What lives in our backyards and the woods that blanket Columbia County? If we plant native species in the hedgerows that separate farm fields, will that attract insects and other animals that benefit vegetable production? How do human activities affect the creatures and plants in the County, and how can the general public engage with nature in a way that builds informed compassion for the Earth and all of her inhabitants?
Those are the kinds of questions that inspire Conrad Vispo, wildlife ecologist, and Claudia Knab-Vispo, ethnobotanist, in their work at the Farmscape Ecology Program.
Conrad grew up in Columbia County and studied Wildlife Ecology at Cornell University and Indiana State University. He always loved spending time outside, but reading Never Cry Wolf by Farley Mowat made him realize he could make a living out of his interest in animal ecology. Conrad studied for his PhD at the University of Wisconsin and there met his future wife Claudia Knab-Vispo.
Claudia, a German native, came to the United States to pursue her doctoral work in ecology. She said when it had been time to decide what studies to pursue, she knew she wanted to do something that involved being outside. “I had it narrowed down to a veterinarian, a farmer, or something,” she said. “I did a practicum in each and realized they were not for me, so then I pursued biology.”
As part of their graduate and post-graduate work, the Vispos were given the opportunity to work at a field station in Venezuela through the Wildlife Conservation Society. What started as one summer of field work turned into almost a decade as they continued to study Venezuelan wildlife, plants and their interactions with people for a Venezuelan educational non-profit.
In the early 2000s, Conrad and Claudia moved back to Columbia County to welcome their son Otter. At that time, Conrad began working as a buyer at Hawthorne Valley Farm Store, but both Conrad and Claudia had a desire to continue working in the ecology field. Conversations with Martin Ping, Hawthorne Valley Executive Director, and Steffen and Rachel Schneider, who lead Hawthorne Valley Farm for many years, presented them with an opportunity through discussing how to approach ecology on a farm.
“We hadn’t worked directly with agriculture before, but realized that our fields of wildlife ecology and ethnobotany—which both involve the interaction of people and nature—were related,” Conrad said. “We were coming from an era where there was a perception that agriculture and conservation were against each other. We don’t see it that way, and the program evolved from a desire to help farmers and non-farmers understand ecology’s role in the landscape.”
The Farmscape Ecology Program began in 2003 with a focus of conducting agroecological research in Columbia County in a way that would benefit farmers, landowners, and nature alike and capture the interest of the general public to create a more compassionate view of the landscape.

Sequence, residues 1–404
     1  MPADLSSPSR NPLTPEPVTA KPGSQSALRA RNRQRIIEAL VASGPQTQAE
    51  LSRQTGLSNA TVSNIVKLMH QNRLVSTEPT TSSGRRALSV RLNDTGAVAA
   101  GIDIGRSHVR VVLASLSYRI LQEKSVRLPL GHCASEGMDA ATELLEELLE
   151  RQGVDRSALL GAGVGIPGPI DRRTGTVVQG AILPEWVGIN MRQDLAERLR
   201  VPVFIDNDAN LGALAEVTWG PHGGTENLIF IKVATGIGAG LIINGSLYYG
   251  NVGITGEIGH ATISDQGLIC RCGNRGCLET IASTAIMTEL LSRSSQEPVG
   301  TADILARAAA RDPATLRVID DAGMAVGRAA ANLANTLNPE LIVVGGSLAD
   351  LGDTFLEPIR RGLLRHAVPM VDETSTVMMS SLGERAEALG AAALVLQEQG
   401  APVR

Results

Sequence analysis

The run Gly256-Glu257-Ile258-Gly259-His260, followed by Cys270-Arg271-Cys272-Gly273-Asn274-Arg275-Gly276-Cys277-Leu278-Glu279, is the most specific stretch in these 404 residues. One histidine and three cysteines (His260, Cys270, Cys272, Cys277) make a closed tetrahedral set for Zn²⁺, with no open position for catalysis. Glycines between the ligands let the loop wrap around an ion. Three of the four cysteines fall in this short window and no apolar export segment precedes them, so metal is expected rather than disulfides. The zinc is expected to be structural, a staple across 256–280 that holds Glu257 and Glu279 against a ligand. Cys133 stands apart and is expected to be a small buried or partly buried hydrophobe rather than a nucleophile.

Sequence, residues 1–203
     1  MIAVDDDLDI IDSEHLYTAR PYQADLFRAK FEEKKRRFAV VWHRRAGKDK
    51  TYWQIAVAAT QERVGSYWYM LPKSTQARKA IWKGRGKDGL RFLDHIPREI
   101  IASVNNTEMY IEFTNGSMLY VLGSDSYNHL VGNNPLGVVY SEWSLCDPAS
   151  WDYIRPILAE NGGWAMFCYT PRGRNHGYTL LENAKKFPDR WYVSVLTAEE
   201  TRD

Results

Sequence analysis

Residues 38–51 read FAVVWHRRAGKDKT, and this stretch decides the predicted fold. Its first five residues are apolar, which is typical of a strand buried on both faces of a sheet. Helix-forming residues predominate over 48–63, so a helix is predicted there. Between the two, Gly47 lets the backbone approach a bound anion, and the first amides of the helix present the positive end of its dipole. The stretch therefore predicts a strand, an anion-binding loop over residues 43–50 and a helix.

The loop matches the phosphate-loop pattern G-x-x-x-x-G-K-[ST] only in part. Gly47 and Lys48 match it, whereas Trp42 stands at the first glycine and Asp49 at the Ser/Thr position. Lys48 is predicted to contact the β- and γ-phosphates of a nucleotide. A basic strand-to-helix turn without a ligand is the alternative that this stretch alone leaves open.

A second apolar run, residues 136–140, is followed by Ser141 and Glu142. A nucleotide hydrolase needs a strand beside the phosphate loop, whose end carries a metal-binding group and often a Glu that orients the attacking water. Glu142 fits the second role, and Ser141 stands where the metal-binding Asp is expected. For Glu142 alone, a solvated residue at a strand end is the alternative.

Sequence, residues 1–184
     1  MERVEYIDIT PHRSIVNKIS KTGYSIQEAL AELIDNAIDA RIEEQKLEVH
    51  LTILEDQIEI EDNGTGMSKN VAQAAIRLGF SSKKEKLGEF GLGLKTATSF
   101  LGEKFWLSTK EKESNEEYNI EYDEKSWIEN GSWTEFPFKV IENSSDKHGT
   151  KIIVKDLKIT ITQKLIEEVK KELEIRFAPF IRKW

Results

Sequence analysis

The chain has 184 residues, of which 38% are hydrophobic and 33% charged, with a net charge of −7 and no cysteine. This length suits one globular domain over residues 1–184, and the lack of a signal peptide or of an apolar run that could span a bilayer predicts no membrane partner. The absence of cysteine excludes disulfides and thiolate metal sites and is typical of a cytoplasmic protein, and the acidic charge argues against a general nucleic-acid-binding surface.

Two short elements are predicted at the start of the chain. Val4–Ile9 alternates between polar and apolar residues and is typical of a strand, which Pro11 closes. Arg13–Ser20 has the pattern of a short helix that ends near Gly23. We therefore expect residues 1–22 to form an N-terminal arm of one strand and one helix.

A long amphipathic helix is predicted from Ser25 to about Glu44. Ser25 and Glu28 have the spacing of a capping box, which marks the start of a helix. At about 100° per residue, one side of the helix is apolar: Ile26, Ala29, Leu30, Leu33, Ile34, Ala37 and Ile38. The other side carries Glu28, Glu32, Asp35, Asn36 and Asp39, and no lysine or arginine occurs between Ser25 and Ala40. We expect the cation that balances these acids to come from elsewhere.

The program’s work is project based, so their day-to-day tasks vary with the season and year. Currently, they are engaged in four main projects: the writing of an Ecological and Cultural Field Guide to the Habitats of Columbia County, the Progress of the Seasons, Applied Farmscape Ecology Research, and the Experimental Creation of Beneficial On-farm Habitats, in collaboration with Xerces and NRCS. All these projects involve many hours in the field gathering samples, followed by time in the lab categorizing, labeling, digitizing materials, and writing articles and reports based on the data.
The program equally focuses on outreach via free nature walks through natural areas in Columbia County, a monthly Open House, and consulting work that could include partnering with other county organizations or creating an ecological description of a landowner’s property. They also guest teach ecology and phenology at local high schools, including Hawthorne Valley Waldorf School.
Through all their research, Conrad and Claudia focus on making their projects and finding accessible to a wide audience.
“We try to pick themes and approaches that excite people,” Conrad said. “Then we work to translate field data into interesting things that people can connect with.”
“Our hope is that our work helps people connect more to the creatures that inhabit their landscape and consider what land-use decisions mean for them,” Claudia said. “We want to encourage better land stewardship in our region.”
Conrad and Claudia are grateful for the paths that led them to Hawthorne Valley and the contributions their research is making to the county and local farming community.
“I appreciate every day the opportunity to work here in a place where land stewardship is in practice and nature and people are in good balance,” Claudia said.
Conrad added, “Being an ecologist on a working farm allows us to work directly with farmers, and perhaps together we can come up with approaches that might not have otherwise arisen.”
To learn more about the Farmscape Ecology Program and their research, please visit their website. You can also stop by the Hawthorne Valley Fall Festival on Oct 7 and speak with them at their information booth.